27.63 ± 2.41e

The 100 % activity represented the control enzyme activity without any agents. Different letters represent significant differences (p < 0.05) relative to the control

Decolorization of synthetic dyes

The decolorization of various dyes with different structural patterns were investigated by using purified β-mannanase produced by HDYM-04. Our system was able to efficiently degrade a number of commercial textile dyes. Table 3 showed the degradation of twenty-two structures of different dyes including azo, anthraquinone, arylmethyl and other structures of dyes by the purified β-mannanase from HDYM-04. The best decolorization overall (80-100 %) were obtained with reactive methyl orange, aniline blue and alizalin within 12 h (Fig. 4). The remaining nineteen dyes were degraded on different extend within 12 h as revealed. Somewhat lower decolorization (30–70 %) was obtained with basic violet 3, ponceau S, water-soluble melanin, coomassie brilliant blue and brilliant green. This could be due to enzyme inhibition (by some products generated in the decolorization process) or substrate inhibition. However, the eosin, amaranth, chromotrope 2R, alizarin yellow R, methylene blue, fast green 3 and neutral red were nearly not decolorized by the purified β-mannanase from HDYM-04, which was probably due to the complexity of dye structures.
Table 3

Decolourisation of dyes by β-mannanase produced by HDYM-04

Dyes

Decolourisation (%)

6 h

12 h

Methyl orange

54.25 ± 2.34b

99.04 ± 0.03a

Aniline blue

41.11 ± 2.01e

90.23 ± 2.87b

Alizarin

23.86 ± 2.12e

83.63 ± 2.89c

Water-soluble melanin

64.83 ± 2.56a

68.13 ± 3.56d

Ponceau S

11.72 ± 1.55f

60.49 ± 3.88d

Brilliant green

6.57 ± 0.56g

34.46 ± 2.32e

Coomassie brilliant blue

16.40 ± 2.31f

30.74 ± 2.37e

Bromophenol blue

11.40 ± 1.76f

27.52 ± 2.34e

Bromothmol blue

5.52 ± 1.22g

27.14 ± 2.87e

Solvent Red 24

11.12 ± 1.87f

23.28 ± 2.23ef

Orange G6

3.08 ± 0.23g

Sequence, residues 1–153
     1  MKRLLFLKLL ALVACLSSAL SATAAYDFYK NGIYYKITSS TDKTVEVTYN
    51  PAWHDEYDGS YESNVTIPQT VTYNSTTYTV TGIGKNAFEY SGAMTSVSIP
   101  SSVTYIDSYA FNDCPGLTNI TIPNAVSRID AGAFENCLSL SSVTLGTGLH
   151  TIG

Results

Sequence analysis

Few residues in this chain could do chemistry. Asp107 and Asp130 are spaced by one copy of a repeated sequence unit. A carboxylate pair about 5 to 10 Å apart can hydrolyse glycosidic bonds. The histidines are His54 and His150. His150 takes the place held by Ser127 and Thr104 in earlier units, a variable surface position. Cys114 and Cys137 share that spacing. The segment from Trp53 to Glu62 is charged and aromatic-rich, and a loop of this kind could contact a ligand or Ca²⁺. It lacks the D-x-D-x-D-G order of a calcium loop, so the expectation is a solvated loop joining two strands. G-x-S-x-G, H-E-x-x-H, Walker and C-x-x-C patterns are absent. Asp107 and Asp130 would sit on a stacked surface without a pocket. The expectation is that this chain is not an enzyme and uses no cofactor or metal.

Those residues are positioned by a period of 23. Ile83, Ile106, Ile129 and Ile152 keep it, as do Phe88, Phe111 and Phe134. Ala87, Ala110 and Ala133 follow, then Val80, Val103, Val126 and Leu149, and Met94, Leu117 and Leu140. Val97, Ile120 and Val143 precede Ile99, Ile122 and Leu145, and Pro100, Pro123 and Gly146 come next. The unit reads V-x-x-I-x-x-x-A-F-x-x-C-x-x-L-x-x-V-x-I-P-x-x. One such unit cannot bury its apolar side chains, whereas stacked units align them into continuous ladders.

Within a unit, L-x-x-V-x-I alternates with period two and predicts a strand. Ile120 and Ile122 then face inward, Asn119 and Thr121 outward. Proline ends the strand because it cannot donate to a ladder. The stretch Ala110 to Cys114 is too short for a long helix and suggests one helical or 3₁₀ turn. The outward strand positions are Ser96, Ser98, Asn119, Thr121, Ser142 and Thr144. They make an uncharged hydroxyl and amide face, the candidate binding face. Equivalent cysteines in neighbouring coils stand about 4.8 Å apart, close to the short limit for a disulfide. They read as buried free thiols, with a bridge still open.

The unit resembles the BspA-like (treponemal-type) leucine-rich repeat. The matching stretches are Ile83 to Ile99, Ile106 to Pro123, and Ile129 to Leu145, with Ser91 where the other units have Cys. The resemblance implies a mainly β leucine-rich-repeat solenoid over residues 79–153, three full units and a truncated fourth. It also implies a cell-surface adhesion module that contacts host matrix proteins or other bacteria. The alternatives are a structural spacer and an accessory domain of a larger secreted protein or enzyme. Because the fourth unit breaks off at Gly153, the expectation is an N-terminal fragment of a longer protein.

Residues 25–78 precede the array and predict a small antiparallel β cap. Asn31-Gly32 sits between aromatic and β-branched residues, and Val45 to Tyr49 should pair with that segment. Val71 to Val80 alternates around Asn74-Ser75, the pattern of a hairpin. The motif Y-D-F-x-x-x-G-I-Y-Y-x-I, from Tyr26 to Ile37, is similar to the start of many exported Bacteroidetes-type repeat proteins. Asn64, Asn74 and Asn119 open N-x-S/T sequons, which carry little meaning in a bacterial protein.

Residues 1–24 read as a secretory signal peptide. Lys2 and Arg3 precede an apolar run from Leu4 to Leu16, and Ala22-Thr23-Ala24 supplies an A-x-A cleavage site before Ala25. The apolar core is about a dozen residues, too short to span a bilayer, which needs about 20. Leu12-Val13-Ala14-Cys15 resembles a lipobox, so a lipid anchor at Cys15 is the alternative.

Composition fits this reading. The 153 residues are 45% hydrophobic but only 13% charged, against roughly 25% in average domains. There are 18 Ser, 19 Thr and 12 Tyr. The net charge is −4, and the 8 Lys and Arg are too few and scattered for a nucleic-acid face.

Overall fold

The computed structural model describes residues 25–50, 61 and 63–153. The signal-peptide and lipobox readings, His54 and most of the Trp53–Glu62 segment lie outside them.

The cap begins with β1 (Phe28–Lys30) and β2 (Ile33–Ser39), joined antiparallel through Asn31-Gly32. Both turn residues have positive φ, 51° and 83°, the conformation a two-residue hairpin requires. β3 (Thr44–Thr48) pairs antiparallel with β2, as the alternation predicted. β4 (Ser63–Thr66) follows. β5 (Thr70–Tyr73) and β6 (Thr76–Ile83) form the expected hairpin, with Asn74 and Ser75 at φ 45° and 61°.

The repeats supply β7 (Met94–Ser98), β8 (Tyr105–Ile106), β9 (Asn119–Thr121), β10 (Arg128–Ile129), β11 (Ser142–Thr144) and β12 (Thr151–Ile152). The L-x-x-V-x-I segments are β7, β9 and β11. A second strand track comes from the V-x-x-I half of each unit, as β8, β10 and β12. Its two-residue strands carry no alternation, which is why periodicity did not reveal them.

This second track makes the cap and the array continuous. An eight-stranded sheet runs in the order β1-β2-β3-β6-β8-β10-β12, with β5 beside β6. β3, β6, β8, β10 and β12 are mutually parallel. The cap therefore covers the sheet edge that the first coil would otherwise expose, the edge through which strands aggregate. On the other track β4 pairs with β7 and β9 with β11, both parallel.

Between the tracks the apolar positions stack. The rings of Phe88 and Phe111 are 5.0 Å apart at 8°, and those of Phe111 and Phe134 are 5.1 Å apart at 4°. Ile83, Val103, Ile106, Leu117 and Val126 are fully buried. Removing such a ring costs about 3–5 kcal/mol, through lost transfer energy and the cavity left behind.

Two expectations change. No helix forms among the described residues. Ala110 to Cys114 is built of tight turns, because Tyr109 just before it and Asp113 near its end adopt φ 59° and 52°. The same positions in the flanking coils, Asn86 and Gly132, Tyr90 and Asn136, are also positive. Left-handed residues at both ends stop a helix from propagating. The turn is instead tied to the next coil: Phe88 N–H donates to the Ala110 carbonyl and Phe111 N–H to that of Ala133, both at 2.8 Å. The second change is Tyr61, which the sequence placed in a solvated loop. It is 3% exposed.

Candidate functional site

19.63 ± 1.07f

Orange I

5.67 ± 0.78g

18.15 ± 0.11f

Safranine T

4.34 ± 0.76g

17.39 ± 2.82f

5,5′-Dibromo-o- cresolsulfonphthalein

11.11 ± 1.87f

16.33 ± 2.11f

Eosin Y

14.78 ± 2.11f

16.19 ± 1.76f

Neutral red

0 ± 0 h

7.31 ± 0.87g

Methylene blue

4.18 ± 0.23g

4.29 ± 0.28g

Fast Green3

2.94 ± 0.18g

2.94 ± 0.29gh

Amaranth

0.29 ± 0.14h

1.25 ± 0.11h

Chromotrope 2R

0.46 ± 0.04h

0.68 ± 0.09h

Eosin

0.29 ± 0.01h

0.29 ± 0.03h

Alizarin yellow R

0 ± 0h

0 ± 0h

The different letters in the same column of the data indicate the level of significant differences at p < 0.05

Fig. 4

Degradation of dyes by purified β-mannanase produced by HDYM-04 (a methyl orange, b aniline blue, c alizalin)

Discussion

In conclusion, this study reported the some characterization of a β-mannanase produced by HDYM-04. The property of enzyme to maintain a high production at a short time was interesting from the point of view of industry. To the best of our knowledge, this was the first report about the production of β-mannanase from HDYM-04 at 37 °C. Similarly, Paenibacillus sp. DZ23 and B.subtilis NM-39 produced enzyme at 37 °C with glucomannan and locust bean gum as the substrate (Chandra et al. 2011; Mendoza et al. 1994). Other B.subtilis strains separated so far from producing maximum enzyme at below 50 °C (Zhou et al. 2012). Some B.subtilis strains can produced enzyme at up to 45 °C (Khanongnuch et al. 1998). The purified β-mannanase produced by HDYM-04 shows higher affinity toward glucomannan substrate (K m and V max were 2.69 mg/mL and 251.41 U/mg, respectively) than that of other mannans like guar gum. But, the result was higher than that β-mannanase of Paenibacillus sp. DZ3 (K m 1.05 mg/mL) to amorophophallus konjac (Mendoza et al. 1994), and β-mannanase of B.nealsonii PN-11 (K m 11.59 mg/mL) to guar gum (Chauhan et al. 2014a, b). Kinetic studies revealed that the enzyme had more affinity toward natural glucomannan, and hence it was applicable in the food industry for the production of oligosaccharides. In the present study, the β-mannanase retained > 80 % activity in dimethyl sulfoxide, acetone, chloroform, benzene, hexane. This could be due to well-known fact that hydrophilic solvents are usually superior to hydrophobic solvents for the better enzyme activity, as the earlier have a greater tendency to bind water tightly, which is essential for catalytic activity. Similar results were observed with mannanase from B. subtilis G1 which showed 11–53 % reduction in enzyme activity by the addition of organic solvents (Vu et al. 2012). In the presence of solvents; citric acid, ethylene diamine teracetic acid and potassium iodide, it retained > 80 % residual activity. The strong inhibitory effect of cetyl trimethyl ammonium bromide, a potent cation surfactant, could be due to the destruction of the conformation of mannanase.